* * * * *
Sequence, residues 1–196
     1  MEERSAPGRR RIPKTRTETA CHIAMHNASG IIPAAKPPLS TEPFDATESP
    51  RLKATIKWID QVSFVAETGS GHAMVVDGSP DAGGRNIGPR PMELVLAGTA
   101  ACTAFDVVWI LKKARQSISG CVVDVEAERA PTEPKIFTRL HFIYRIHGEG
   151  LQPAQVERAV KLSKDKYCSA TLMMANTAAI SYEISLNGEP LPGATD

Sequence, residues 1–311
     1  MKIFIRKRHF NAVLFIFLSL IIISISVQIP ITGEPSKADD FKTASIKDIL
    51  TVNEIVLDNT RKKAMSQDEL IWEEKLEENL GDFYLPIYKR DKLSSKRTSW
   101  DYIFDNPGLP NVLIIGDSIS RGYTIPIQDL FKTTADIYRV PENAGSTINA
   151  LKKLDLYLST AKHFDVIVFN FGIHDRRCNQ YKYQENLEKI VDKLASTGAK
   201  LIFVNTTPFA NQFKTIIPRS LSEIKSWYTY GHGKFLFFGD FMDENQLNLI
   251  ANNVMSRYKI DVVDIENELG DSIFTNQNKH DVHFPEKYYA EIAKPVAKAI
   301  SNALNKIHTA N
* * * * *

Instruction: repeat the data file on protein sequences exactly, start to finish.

Sequence, residues 1–196
     1  MEERSAPGRR RIPKTRTETA CHIAMHNASG IIPAAKPPLS TEPFDATESP
    51  RLKATIKWID QVSFVAETGS GHAMVVDGSP DAGGRNIGPR PMELVLAGTA
   101  ACTAFDVVWI LKKARQSISG CVVDVEAERA PTEPKIFTRL HFIYRIHGEG
   151  LQPAQVERAV KLSKDKYCSA TLMMANTAAI SYEISLNGEP LPGATD

Sequence, residues 1–311
     1  MKIFIRKRHF NAVLFIFLSL IIISISVQIP ITGEPSKADD FKTASIKDIL
    51  TVNEIVLDNT RKKAMSQDEL IWEEKLEENL GDFYLPIYKR DKLSSKRTSW
   101  DYIFDNPGLP NVLIIGDSIS RGYTIPIQDL FKTTADIYRV PENAGSTINA
   151  LKKLDLYLST AKHFDVIVFN FGIHDRRCNQ YKYQENLEKI VDKLASTGAK
   201  LIFVNTTPFA NQFKTIIPRS LSEIKSWYTY GHGKFLFFGD FMDENQLNLI
   251  ANNVMSRYKI DVVDIENELG DSIFTNQNKH DVHFPEKYYA EIAKPVAKAI
   301  SNALNKIHTA N